With the first wave of land claims settled, negotiations began between oil and gas companies and local aboriginal groups. These negotiations proved successful in October 2001, when ConocoPhillips, Shell, ExxonMobil, and Imperial Oil signed a Memorandum of Understanding with the Aboriginal Pipeline Group. The APG was formed to represent the Inuvialuit, Sahtu, and Gwichʼin. The Memorandum of Understanding offered the APG a financial stake in the pipeline.[2]

On June 19, 2003 the Aboriginal Pipeline Group, and TransCanada Corp. signed an agreement giving the aboriginal groups of the Northwest Territories one-third ownership of the pipeline project.[3]

On 11 March 2011, the Mackenzie Valley pipeline was granted federal cabinet approval. The National Energy Board granted a Certificate of Public Convenience and Necessity.[4]

Technical description[edit]

The capacity of the pipeline is predicted to be 18.5 billion cubic metres per annum (650×10^9 cu ft/a).[5] It will be 758 miles (1,220 km) long and the cost of the project is estimated at C$16.2 billion.[6][7] As of mid-March, 2007, revised cost and schedule information included C$3.5 billion for the gas-gathering system, C$7.8 billion for the pipeline, and C$4.9 billion to other economic growth projects planned for three gas field sites in the Mackenzie River delta.[8] 2010, and also 2014 at the earliest, are current production and start-up milestones published for printed newsletters and on-line webpage articles of the pipeline project.[9]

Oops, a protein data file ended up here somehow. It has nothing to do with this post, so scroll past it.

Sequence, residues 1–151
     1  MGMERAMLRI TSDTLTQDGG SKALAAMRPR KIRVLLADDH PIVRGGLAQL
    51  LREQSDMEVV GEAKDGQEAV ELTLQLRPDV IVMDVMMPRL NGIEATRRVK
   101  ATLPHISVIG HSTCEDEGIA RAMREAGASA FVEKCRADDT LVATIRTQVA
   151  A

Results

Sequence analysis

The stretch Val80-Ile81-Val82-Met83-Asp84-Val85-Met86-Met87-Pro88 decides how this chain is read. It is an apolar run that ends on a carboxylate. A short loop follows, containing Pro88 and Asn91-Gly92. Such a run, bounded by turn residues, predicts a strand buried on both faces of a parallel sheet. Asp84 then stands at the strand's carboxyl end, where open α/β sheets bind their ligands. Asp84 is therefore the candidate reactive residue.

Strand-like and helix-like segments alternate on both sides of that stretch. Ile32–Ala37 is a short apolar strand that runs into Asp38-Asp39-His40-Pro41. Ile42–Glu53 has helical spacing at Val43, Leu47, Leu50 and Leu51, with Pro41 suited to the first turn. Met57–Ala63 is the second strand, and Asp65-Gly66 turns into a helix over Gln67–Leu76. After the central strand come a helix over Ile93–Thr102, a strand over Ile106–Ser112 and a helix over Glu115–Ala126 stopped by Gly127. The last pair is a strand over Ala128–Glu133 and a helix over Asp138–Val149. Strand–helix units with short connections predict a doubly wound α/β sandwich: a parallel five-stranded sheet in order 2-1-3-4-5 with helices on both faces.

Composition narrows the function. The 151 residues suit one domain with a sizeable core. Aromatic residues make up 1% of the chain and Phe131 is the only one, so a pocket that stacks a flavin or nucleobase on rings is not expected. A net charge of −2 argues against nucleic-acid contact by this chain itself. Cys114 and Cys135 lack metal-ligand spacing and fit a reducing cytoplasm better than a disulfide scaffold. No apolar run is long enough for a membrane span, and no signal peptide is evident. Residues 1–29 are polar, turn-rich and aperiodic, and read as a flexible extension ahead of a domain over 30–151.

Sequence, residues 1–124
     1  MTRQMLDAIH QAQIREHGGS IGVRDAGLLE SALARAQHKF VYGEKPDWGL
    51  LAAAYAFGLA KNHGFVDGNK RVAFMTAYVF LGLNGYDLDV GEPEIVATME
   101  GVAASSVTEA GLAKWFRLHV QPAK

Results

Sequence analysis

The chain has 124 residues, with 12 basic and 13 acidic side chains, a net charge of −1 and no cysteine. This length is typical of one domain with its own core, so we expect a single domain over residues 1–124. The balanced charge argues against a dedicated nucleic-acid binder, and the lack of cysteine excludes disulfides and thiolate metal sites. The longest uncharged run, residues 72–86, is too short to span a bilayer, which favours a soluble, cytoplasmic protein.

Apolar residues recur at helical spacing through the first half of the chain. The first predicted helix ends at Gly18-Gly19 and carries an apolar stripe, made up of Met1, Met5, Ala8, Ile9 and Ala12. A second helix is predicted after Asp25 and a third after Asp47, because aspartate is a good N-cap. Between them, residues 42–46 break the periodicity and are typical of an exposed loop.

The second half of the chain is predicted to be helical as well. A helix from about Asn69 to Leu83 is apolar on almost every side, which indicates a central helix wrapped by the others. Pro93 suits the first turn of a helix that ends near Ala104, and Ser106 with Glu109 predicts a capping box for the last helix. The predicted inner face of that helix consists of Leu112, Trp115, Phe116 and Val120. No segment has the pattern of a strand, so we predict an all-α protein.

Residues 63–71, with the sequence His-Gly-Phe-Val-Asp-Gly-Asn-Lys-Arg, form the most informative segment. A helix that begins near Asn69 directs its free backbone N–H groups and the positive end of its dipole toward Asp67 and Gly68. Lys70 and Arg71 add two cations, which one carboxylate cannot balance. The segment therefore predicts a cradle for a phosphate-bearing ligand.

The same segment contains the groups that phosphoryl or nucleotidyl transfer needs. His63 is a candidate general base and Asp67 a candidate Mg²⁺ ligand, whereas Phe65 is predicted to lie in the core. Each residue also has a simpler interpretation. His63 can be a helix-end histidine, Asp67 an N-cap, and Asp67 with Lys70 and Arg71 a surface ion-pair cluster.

Route[edit]

The pipeline would go south through the Mackenzie Valley to Fort Simpson and then continue south to Alberta. Once in Alberta, the pipeline would feed into the existing pipeline infrastructure.

Pipeline consortium[edit]

The pipeline consortium consists of Imperial Oil (34.4%), The Aboriginal Pipeline Group (33.3%), ConocoPhillips Canada (North) Limited (15.7%), Shell Canada Limited (11.4%) and ExxonMobil Canada Properties (5.2%).[7] A notable feature of the current proposal is the participation of First Nations through the Aboriginal Pipeline Group. The APG has the opportunity to acquire a one third interest in the pipeline. Four oil companies: Imperial Oil of Canada, ConocoPhillips Canada (North) Limited, Shell Canada Limited and ExxonMobil Canada Properties, hold the interest in the oil fields, a gathering plant at Inuvik, a liquids pipeline from the facility near Inuvik, to Norman Wells and a two-thirds interest in the pipeline.